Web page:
Efforts to monitor natural disasters and the environment will get a lift from
aloft next year, when three small satellites will be launched.
"We plan to send a small-satellite constellation into orbit in 2008 for
environment and disaster monitoring and forecasting," said Zhang Qingwei,
president of the China Aerospace Science and Technology Corp.
The initial constellation for environmental monitoring and disaster relief
will consist of two optical satellites - which will be launched from one rocket
- and a radar satellite, company sources said.
Following the 2008 launch, at least four more satellites will be sent into
orbit within two years to better monitor, predict and assess ecological damage,
pollution and disasters in any weather and over larger swathes.
Speaking at the opening of the 11th Space Conference of Pacific-basin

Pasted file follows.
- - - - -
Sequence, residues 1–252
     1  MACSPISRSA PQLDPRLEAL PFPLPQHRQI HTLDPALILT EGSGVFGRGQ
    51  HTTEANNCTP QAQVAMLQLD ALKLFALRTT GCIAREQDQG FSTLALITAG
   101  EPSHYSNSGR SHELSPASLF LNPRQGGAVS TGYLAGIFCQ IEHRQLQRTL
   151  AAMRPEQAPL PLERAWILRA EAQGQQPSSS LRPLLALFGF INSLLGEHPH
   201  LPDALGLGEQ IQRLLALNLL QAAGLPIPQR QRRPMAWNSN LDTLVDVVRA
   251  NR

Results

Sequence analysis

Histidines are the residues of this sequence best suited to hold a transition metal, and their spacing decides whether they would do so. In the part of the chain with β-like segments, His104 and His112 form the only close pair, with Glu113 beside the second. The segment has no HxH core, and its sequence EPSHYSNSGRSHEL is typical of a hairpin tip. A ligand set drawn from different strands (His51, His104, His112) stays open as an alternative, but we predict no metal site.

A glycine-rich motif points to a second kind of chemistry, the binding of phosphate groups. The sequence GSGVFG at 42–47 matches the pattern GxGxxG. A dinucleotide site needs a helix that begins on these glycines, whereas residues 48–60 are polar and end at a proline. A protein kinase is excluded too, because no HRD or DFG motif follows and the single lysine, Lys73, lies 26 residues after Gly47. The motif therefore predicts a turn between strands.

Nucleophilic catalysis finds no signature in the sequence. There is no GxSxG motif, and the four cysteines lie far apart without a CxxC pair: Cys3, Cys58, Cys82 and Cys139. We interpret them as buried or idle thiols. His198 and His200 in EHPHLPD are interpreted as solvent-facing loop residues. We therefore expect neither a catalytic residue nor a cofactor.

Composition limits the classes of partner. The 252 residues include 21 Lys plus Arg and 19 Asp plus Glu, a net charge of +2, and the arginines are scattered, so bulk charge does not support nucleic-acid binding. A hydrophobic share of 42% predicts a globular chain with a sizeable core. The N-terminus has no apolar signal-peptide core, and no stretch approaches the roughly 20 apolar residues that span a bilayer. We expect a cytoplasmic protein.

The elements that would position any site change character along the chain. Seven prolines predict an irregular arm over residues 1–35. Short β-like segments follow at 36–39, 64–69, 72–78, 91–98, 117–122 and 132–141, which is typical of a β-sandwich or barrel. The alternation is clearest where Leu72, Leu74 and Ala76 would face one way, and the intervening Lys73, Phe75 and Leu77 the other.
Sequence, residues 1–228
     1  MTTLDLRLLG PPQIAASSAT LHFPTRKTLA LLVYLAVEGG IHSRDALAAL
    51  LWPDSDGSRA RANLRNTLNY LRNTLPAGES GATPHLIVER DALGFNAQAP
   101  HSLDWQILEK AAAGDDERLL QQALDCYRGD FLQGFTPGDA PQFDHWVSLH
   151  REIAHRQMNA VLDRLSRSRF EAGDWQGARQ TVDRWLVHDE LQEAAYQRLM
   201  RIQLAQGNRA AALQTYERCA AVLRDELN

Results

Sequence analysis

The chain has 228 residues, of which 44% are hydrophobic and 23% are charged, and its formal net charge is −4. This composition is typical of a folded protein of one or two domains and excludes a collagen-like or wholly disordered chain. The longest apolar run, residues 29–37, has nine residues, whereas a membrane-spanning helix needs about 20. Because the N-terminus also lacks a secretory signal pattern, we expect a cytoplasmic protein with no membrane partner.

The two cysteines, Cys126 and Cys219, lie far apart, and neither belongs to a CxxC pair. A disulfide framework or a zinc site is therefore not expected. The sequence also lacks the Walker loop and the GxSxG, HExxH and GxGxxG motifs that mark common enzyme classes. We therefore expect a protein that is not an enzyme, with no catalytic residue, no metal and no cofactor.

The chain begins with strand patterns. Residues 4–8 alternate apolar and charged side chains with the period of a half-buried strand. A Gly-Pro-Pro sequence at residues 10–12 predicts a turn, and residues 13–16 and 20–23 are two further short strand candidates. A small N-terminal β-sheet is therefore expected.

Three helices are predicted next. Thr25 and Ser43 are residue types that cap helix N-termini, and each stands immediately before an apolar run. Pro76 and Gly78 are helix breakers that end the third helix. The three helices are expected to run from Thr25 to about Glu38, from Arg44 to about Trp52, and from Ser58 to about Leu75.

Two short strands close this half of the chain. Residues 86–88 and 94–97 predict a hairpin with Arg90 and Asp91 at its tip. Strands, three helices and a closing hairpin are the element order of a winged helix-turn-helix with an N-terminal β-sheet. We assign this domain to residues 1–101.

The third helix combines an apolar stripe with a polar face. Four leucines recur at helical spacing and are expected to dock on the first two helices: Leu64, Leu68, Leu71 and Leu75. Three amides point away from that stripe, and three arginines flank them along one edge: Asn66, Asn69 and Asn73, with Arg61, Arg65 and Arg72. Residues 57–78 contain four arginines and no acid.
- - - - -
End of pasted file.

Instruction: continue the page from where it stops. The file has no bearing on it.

Societies, Zhang said research and development of space technology in China has
been increasingly prompted by the surging demand for social and economic growth.
The three-day meeting is co-sponsored by the Chinese Society of Astronautics,
the American Astronautical Society and the Japanese Rocket Society.
"China is shifting its satellite research and development work from trial
applications to mission services," Zhang said.
Natural disasters, including typhoons, floods, droughts and earthquakes, last
year claimed 3,186 lives and forced 13.845 million people to move, while
incurring direct losses of at least 252.81 billion yuan ($32.4 billion) - a new
high in the past eight years - Vice-Minister of Civil Affairs Li Liguo said in
Besides, the number of mass accidents caused by environmental problems have
increased by 30 percent annually, and the country reported 161 pollution
accidents last year, according to figures from the State Environmental
The satellites will help China improve its capabilities in reducing disasters
and protecting the environment, Zhang said.
Ultimately, China will expand the constellation into one comprising eight
small satellites, according to Fan Yida, director of the remote-sensing
department under the National Disaster Reduction Center.
He did not specify a timetable.
The building and application of China's satellite constellation is open for
international cooperation, Fan said yesterday.
(China Daily 05/17/2007 page1)